White Horse Inn
January 20, 2008 Commentary:
Joel Osteen: A Case Study in American Religion
Hello and welcome to another broadcast of the White Horse Inn where we are launching our new year-long series, "Christless Christianity: The American Captivity of the Church." In the last two programs we looked at Christless Christianity in general and Crossless Christianity which is really the heart of the problem as we are assessing it here. And then in this program we want to take a look at a specific example of what we are talking about. We realize an extreme example, but it does reflect a wider tendency and drift towards Christless Christianity that probably evangelicals would not have been attracted to in the 30s and 40s and 50s but today Joel Osteen is now considered an Evangelical leader.
If Charles Finney's legacy helps us to understand how we arrived at the current crisis, Joel Osteen the Pastor of Lakewood church in Houston, Texas may be the clearest example in contemporary American religion. Name it/claim it, heath and wealth, or prosperity gospel, these are nicknames for a heresy that in many respects is an extreme version of perhaps the most typical focus of American Christianity today more generally. Basically God's there for you and your happiness. He has some rules, and principles for getting what you want out of life and if you follow them you can have what you want. Just declare it and prosperity will come to you. Although explicit proponents of the so-called "prosperity gospel" may be fewer than their influence suggests, its big names and best-selling authors, T.D. Jakes, Benny Hinn, Joel Osteen and Joyce Meyer are purveyors of a pagan world-view with a peculiarly American flavor. Its basically what Martin Luther called the "theology of glory." How can I climb the ladder and attain the glory here and now that God has actually promised for us after a life of suffering. The contrast is the "theology of the cross." The story of God's merciful descent to us at great personal cost, the message the Apostle Paul acknowledged was offensive and foolishness to Greeks.
Every few years a religions best-seller sweeps the nation with the message of self-help. Norman Vincent Peale's The Power of Positive-Thinking, Robert Schuller's TV ministry and series of best-sellers, Bruce Wilkinson's The Prayer of Jabez, and other sensations have come and gone. Each time the media treats the appearance of a work in this vein as though it were a new phenomenon, but the success of this genre has long been established. The attractions of Americans to this version of the glory story is evident in the astonishing success of Joel Osteen's runaway best-seller Your Best Life Now: Seven Steps to Living at Your Full Potential and the sequel, the recently released Become a Better You. Beyond his charming personality and folksy style, Osteen's phenomenal attraction is no doubt related to his simple and soothing sampler of the American gospel--a blend of Christian and cultural elements that he picked up not through any formal training but as the son of Baptist, turned prosperity evangelist, who was a favorite on the Trinity Broadcasting Network. However, gone are the eccentric caricatures of prosperity tele-evangelism with it flamboyant style and over the top rhetoric, and bad hair. At least in the televised broadcasts of his services there are no healing lines with people falling or fainting when the preacher blows on them. He doesn't send blessed prayer cloths or speak endlessly of sowing seed in his ministry in order to reap their desired miracle.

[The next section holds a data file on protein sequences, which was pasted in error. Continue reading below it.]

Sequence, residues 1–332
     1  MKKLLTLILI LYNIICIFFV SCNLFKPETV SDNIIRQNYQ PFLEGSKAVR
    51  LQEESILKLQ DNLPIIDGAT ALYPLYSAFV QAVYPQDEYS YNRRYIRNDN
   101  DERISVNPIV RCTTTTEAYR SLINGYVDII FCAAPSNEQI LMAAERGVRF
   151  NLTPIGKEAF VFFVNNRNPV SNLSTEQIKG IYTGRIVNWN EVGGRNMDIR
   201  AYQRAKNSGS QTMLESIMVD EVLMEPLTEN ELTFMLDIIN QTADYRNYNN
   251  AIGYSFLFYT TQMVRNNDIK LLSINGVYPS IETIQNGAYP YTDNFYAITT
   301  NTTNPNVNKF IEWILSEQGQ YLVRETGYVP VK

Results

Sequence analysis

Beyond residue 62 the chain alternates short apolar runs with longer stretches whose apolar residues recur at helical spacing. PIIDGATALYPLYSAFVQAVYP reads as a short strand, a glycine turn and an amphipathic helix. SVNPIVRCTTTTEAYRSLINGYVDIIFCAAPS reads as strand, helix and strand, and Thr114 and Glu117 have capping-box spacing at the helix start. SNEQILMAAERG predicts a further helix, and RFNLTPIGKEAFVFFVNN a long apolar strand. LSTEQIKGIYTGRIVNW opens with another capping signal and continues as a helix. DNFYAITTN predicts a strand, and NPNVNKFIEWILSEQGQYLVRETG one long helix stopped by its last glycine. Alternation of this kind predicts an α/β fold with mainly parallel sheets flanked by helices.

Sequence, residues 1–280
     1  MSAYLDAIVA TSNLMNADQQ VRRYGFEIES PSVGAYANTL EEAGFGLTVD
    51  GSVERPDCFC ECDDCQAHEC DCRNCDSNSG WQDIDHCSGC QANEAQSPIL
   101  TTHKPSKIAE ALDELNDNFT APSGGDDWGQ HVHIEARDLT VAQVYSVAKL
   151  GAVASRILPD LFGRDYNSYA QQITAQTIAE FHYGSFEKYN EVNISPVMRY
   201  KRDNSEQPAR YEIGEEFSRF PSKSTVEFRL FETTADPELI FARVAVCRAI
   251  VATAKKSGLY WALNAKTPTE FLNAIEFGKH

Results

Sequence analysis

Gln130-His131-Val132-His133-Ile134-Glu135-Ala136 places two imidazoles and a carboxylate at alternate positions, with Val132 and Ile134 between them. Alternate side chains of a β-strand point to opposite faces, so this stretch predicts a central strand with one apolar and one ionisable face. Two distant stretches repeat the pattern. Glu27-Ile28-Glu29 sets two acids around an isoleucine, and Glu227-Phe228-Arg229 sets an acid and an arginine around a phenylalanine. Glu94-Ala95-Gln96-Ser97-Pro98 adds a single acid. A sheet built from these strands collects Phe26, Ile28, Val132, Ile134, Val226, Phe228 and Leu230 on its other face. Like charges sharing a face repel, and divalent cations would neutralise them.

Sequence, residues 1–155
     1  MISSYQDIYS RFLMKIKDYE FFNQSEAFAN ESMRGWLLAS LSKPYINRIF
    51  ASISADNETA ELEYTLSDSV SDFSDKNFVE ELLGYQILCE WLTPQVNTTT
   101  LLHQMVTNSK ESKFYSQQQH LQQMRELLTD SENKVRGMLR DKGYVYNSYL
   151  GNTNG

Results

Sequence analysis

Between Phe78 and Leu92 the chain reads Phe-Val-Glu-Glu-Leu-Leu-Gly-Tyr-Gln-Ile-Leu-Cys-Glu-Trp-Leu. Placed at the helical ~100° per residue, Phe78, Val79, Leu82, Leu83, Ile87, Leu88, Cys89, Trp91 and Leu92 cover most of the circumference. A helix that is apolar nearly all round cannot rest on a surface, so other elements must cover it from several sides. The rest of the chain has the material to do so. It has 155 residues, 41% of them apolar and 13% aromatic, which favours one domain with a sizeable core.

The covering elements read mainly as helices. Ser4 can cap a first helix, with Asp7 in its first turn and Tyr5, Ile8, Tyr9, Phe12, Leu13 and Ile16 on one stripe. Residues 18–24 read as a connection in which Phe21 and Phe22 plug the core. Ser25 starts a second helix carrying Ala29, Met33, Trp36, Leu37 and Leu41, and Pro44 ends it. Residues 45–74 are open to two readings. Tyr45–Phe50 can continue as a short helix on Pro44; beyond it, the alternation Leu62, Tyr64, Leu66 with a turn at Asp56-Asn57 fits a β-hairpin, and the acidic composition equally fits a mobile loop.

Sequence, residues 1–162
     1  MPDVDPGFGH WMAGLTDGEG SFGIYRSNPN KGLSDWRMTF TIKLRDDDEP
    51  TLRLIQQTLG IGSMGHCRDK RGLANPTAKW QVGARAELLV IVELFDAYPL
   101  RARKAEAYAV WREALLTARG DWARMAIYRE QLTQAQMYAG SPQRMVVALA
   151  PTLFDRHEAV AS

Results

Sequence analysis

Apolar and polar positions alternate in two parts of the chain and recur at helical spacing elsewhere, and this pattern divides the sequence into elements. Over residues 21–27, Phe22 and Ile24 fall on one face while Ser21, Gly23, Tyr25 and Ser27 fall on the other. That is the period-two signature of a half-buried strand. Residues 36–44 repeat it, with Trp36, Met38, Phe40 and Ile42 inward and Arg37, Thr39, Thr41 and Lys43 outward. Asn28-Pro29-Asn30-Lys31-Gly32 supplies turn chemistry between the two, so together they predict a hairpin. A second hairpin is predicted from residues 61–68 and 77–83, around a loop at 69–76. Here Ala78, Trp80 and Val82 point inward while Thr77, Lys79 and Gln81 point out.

The pastor of Lakewood Church in Houston, which now owns the Compaq Center, and is now the largest church in America does not come across as a flashing evangelist with jets and yachts , but as a charming next door neighbor who always has something nice to say. However Joel Osteen is definitely a leader of a new generation of prosperity evangelists. His explicit drumbeat of health and wealth, or word-faith teaching is communicated in the terms and the ambiance that might be difficult to distinguish from most mega-churches and other seeker driven ministries. In this broadcast we are going to take a look at Joel Osteen as an example of that increasing creeping fog that we are calling Christless Christianity.
You can read Michael Horton's review of Osteen's Become a Better You here:
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